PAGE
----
Spider robots will search for frozen water in craters on the moon surface

The German DFKI Robotic Innovation Center and ZARM (Micro Gravity and Applied Space Technology Center) are working on a pair of robots working together to find frozen water in craters. RIMRES will be taken with a wheeled carrier as part of the reconfigurable multi-robot discovery system project and portable six-foot robot technologies will be used. The SHERPA and CREX's named spider robots will work collectively.
The SHERPA navigator is 2.4 meters tall and can move without using a hybrid wheel-to-foot system. Giant feet in areas where the wheels are not enough to remove the robot, will be saved. The primary task of SHERPA is to provide water for the tracker robot, helping to find water in the craters of the moon.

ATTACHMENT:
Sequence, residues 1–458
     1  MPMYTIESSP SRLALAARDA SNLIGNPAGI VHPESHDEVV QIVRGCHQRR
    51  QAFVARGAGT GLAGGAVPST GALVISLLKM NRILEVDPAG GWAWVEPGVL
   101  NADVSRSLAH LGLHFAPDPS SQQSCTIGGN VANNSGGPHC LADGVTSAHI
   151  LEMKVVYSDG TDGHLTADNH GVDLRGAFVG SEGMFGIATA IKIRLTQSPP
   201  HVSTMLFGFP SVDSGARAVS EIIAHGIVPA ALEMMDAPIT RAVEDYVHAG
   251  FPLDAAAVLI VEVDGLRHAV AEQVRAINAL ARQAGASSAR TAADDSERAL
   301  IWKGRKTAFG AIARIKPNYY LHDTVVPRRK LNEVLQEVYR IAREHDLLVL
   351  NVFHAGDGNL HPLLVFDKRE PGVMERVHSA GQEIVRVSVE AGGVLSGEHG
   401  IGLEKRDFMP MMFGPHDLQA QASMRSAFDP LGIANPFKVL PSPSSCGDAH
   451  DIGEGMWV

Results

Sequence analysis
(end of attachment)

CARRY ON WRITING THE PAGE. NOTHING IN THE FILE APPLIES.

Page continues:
The robot can lift the tracker robot comfortably with its 1.8 meter long arm. The CREX hexapod (six-legged crater explorer) weighs 1 meter long and weighs 27 kg. However, the size of the Moon is quite small to move, so the SHERPA robot carries this robot to the desired location. The robot with joints and multiple sensors on each leg can walk on uneven terrain, and can move on sloping terrain.
The RIMRES project is also known as the SpaceClimber project. But previously developed robots were too small to move on the moon. The newly developed spider robot CREX can easily find its way through the sensors and climb the slope up to 80 degrees. Recently, thanks to the robots' designs and skills, the future is taking shape.


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